What do you make of Generation Alpha — a generation of young children who don’t want a puppy?
They want an iPad instead.
Welcome to Generation Alpha, “the tech-savvy young children of Millennials whose rising influence could soon make Gen Z an afterthought.” As a recent article in Advertising Age revealed, “they’re already playing an outsized role in household buying decisions, even though the oldest among them are only 9 years old.”
A bit of generational catch-up.
The newest cohort receiving attention is Generation Z, those born between 1995 and 2010. My own book, Meet Generation Z, was designed to introduce their distinguishing marks—currently the largest of the generations—and how they can be reached for Christ.
Generation Alpha, arguably too early to name and too early to designate, are those born beginning in 2010 (the same year Apple debuted the iPad).
And while early in the generational game, there are some interesting characteristics to take note of. Here are three:
- They are more comfortable swiping a tablet or speaking to a voice assistant than most of their adult relatives. Hotwire issued a report that found that 81 percent of parents in the U.S. say the habits and needs of their children influenced their last technology purchase. “This makes them a critical gateway for marketers looking to get in good with their parents.” Fitbit, Crest and Walgreens are already developing “Alpha strategies.”
- They are going to be a large generation. Mark McCrindle, a social researcher in Australia who coined the phrase “Generation Alpha,” estimates that more than 2.5 million of them are born every week. He also sets 2025 as the last year Alphas will be born. By then, McCrindle estimates there will be more than 2 billion. This will slightly eclipse even Generation Z, which will reach 1.8 billion globally at that time.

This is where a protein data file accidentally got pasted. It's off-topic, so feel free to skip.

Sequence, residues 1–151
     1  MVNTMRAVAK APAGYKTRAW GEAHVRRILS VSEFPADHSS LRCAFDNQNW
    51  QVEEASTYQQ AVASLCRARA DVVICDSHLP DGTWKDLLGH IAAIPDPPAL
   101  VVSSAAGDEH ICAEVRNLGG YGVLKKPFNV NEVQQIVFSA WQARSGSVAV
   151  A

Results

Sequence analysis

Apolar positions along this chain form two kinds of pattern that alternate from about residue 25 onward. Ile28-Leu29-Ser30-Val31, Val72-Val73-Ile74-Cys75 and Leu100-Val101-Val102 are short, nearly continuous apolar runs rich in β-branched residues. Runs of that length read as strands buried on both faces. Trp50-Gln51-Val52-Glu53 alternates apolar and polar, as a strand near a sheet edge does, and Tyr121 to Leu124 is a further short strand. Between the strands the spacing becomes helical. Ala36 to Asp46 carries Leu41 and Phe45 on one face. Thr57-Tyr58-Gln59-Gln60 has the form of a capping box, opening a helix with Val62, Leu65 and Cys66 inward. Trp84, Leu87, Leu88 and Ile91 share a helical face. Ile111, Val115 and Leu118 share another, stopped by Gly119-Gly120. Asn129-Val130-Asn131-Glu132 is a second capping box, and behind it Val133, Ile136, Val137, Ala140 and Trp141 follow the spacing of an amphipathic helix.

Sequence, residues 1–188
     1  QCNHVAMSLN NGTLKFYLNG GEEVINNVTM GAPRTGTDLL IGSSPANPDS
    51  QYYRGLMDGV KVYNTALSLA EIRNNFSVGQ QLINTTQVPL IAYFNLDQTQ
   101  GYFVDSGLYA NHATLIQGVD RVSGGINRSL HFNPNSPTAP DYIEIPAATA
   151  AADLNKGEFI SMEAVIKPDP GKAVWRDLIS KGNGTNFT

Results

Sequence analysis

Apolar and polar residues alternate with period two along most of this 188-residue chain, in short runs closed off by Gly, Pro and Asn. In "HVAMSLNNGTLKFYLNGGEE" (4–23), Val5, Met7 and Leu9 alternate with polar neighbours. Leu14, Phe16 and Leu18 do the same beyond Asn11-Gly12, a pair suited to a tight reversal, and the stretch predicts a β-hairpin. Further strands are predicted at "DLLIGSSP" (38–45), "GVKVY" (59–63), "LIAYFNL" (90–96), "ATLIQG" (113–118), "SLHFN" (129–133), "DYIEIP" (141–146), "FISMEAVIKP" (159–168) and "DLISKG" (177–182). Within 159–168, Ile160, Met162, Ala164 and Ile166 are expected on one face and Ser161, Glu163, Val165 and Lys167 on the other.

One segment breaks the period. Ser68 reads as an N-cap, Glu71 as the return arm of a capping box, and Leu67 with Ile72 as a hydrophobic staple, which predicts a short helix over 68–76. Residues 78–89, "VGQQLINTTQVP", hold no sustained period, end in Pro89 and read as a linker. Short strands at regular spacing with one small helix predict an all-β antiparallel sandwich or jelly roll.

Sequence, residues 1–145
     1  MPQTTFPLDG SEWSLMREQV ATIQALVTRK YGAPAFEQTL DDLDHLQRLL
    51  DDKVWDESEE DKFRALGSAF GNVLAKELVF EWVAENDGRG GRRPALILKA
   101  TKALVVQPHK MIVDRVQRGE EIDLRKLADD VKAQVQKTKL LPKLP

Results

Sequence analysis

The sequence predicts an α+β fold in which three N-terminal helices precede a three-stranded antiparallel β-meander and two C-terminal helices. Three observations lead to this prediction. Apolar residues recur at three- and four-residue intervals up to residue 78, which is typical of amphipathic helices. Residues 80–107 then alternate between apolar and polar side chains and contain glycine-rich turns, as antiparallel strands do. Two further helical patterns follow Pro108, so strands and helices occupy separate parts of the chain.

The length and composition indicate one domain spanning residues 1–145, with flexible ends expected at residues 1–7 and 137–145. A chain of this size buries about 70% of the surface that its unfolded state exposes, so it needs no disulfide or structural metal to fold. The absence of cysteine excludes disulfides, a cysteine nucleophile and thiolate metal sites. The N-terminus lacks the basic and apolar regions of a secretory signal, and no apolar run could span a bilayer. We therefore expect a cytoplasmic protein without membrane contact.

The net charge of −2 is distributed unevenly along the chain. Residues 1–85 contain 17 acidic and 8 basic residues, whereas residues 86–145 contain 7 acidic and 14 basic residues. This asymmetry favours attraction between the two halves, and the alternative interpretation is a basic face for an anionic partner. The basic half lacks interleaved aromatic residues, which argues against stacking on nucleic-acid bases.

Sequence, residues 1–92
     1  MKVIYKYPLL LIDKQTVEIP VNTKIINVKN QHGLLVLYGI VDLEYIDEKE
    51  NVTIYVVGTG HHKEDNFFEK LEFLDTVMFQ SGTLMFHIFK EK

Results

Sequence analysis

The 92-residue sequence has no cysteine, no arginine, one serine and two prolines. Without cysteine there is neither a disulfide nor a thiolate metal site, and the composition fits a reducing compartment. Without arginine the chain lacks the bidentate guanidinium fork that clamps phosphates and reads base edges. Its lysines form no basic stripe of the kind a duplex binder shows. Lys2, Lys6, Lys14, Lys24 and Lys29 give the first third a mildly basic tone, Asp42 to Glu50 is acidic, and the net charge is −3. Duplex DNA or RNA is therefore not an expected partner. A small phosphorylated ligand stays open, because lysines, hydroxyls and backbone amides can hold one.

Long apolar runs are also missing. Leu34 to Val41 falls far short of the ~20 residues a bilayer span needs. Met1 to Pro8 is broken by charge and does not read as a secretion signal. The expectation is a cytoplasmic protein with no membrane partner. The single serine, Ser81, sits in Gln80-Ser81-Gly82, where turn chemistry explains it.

- They will be a well-equipped generation. “Generation Alpha will be the most formally educated generation ever,” says McCrindle, “the most technologically-supplied generation ever, and globally the wealthiest generation ever.”
Anything beyond these three broad assessments lies in the realm of prediction, such as the idea that most of them won’t start having children until at least 13 years after graduating from high school. Or that “more than one in three Alpha women will never have children.” Or that while they will live longer than earlier generations due to medical intervention, “they will experience more health problems largely related to increasingly sedentary lives.”
Um…the oldest member of Generation Alpha is nine. I don’t think they are thinking about when, or if, they are going to start having children.
But McCrindle is probably wise with his suggested name for this new generation. It’s not just about starting the alphabet over again (After “Z” where else is there to go?), but also to “signify this different generation will be raised in a new world of technological integration.”
We’re only just beginning to learn what that means for Generation Z. It will be fascinating or terrifying (or both) to watch it unfold even more organically among Alphas.
Adrianne Pasquarelli and E.J. Schultz, “Move Over Gen Z, Generation Alpha Is the One to Watch,” Advertising Age, January 22, 2019, read online.
This article originally appeared here.